NRF51822 as an "all-in-one"?


  • Hero Member

    " The nRF51822 is built around a 32-bit ARM® Cortex™ M0 CPU with 256kB/128kB flash + 32kB/16kB RAM. The embedded 2.4GHz transceiver supports both Bluetooth Smart and the Nordic Gazell 2.4 GHz protocol stack which is on air compatible with the nRF24L series products from Nordic Semiconductor."
    https://www.nordicsemi.com/eng/Products/Bluetooth-R-low-energy/nRF51822

    Before you say it won't work with the arduino IDE, remember that the Arduino Zero does use an ARM Cortex M0...
    Plus, there's already this, which appears to do just that: http://redbearlab.com/redbearlab-nrf51822 along with http://redbearlab.com/getting-started-nrf51822/, and you can buy it on Amazon today if you want: http://www.amazon.com/Red-Bear-Lab-RedBearLab-nRF51822/dp/B00QSB51ZO More to the point, there's this:
    51822nano.jpg http://www.amazon.com/Red-Bear-Lab-RB-LAB-B05-RedBearLab/dp/B00WG75FI2/ref=sr_1_4?s=electronics&ie=UTF8&qid=1439421124&sr=1-4
    available now, for <$18, with Amazon Prime.delivery.

    I'm not saying you should buy it. I'm just saying, "For instance..."

    You can buy an inexpensive module from Alice on Ebay for $6.88:
    NRF51822.JPG
    http://www.ebay.com/itm/Low-Power-Consumption-BLE4-0-Bluetooth-2-4-GHz-Wireless-Module-NRF51822-/400970594571?hash=item5d5bb5b90b

    The radio is backward compatible with the NRF24L01+ currently being used.

    Whether it's the NRF51822 or something else, isn't it inevitable that a desirable option would be to have the MCU and the RF portion as a SOC? No running wires back and forth between them. No need to spend on a PCB for that purpose either, or hand solder the MCU and radio onto it.

    Yes, it also comes with bluetooth, but you can just ignore that part if you want to.

    Single unit pricing on Digikey for the chip is $4.15....
    http://www.digikey.com/product-detail/en/NRF51822-CDAB-R/1490-1048-1-ND/5125205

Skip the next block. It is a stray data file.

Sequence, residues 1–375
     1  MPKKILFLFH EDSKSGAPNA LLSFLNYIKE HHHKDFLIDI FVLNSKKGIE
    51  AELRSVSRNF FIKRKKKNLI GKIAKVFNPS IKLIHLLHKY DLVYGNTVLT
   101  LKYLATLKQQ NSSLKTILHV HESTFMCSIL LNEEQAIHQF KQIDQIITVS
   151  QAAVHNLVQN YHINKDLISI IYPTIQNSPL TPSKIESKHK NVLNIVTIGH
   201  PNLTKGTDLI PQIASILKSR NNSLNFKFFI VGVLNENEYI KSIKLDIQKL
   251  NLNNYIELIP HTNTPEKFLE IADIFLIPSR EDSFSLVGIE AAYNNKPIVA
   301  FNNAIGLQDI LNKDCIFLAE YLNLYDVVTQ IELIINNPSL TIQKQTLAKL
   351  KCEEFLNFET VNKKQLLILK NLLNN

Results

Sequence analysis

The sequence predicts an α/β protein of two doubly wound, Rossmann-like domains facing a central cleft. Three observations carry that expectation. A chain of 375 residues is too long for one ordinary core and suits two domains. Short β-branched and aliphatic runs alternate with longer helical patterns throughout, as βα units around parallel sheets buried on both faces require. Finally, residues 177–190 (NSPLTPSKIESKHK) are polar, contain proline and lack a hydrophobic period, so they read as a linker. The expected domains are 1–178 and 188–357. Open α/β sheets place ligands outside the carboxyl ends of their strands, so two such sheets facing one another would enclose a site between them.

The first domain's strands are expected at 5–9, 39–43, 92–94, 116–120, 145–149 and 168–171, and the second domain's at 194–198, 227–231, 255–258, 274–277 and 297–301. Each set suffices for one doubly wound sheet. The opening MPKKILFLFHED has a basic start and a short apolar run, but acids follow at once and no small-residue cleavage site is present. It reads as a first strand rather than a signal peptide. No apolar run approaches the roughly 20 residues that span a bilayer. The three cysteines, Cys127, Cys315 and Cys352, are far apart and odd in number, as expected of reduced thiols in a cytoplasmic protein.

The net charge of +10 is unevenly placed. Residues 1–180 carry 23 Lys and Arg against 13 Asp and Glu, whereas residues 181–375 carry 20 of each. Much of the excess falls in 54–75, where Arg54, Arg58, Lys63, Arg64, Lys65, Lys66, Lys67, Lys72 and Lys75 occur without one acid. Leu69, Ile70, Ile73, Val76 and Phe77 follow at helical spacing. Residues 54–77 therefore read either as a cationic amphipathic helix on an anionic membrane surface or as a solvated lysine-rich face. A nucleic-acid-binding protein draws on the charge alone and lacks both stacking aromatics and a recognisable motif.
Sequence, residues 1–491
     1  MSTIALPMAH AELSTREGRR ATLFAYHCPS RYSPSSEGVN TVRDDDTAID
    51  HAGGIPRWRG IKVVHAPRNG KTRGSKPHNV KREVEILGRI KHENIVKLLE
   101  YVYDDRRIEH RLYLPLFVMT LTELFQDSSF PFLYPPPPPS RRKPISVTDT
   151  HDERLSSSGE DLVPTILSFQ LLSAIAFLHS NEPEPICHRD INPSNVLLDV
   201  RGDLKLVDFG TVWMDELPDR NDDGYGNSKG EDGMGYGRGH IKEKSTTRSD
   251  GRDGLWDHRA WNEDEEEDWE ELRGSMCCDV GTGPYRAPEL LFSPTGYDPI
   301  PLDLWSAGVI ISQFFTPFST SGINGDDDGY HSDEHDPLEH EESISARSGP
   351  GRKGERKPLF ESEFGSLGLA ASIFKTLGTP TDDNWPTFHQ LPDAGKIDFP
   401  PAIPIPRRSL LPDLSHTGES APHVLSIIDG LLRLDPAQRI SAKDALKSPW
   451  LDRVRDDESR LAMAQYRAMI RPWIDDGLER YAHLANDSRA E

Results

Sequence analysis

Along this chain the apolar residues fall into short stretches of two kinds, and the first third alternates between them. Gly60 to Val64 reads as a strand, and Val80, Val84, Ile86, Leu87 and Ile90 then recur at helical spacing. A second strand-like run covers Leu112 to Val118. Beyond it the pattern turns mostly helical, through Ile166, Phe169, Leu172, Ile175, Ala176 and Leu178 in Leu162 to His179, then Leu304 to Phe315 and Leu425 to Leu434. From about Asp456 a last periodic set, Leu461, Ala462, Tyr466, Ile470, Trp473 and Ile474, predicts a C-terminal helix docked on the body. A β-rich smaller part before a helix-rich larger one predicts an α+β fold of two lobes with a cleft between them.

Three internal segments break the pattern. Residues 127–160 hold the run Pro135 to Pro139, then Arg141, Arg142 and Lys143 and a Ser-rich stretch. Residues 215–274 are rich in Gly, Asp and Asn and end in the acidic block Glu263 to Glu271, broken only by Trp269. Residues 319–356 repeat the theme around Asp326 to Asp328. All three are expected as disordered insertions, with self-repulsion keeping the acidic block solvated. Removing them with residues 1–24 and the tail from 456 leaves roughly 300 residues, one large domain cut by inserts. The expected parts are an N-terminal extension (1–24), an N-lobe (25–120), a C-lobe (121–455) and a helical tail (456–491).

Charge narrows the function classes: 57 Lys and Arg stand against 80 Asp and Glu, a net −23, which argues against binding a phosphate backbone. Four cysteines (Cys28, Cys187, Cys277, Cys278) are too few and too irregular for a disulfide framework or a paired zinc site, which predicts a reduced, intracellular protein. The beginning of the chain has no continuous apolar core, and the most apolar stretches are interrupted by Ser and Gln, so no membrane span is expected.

• Hero Member

    Besides RedBearLab and eBay - Adafruit has a couple of interesting nRF51822 boards, Nordic itself has a development board and a dongle for reasonable prices, AliExpress has more of the cheap boards and chips. SEEEDstudio also has some boards.

    And a few of these work with mBed.

    There is work to support this chip with the Arduino IDE by RedBear at least.

    The topic of this chip has arisen before on the forums. It looks like it could be very interesting, albeit a bit more expensive than the nRF24LE1 for which there is a Proof of Concept implementation for MySensors. I've been expecting a nRF51822 / MySensors implementation for a while, and was surprised to see the nRF24LE1 first.

    And Nordic is starting to release the next generation, the nRF52 line starting with the nRF52832 if I recall correctly. Preview DK is out but no chips till the end of the year. Seems similar but with a Cortex M4, faster,more memory - and integrates ANT+ and NFC as well as Bluetooth LE and legacy protocols (like nRF24L01+ and ESB).

    I've really been wanting to explore this family, just haven't had time yet. I will be watching carefully anything you come up with.


  • Hero Member

    I don't know if the NRF24 part of it would be meaningfully better range than the regular NRF24L01+. At the moment, all I know is the the NRF51822 has a readable RSSI, so maybe there have been other improvements.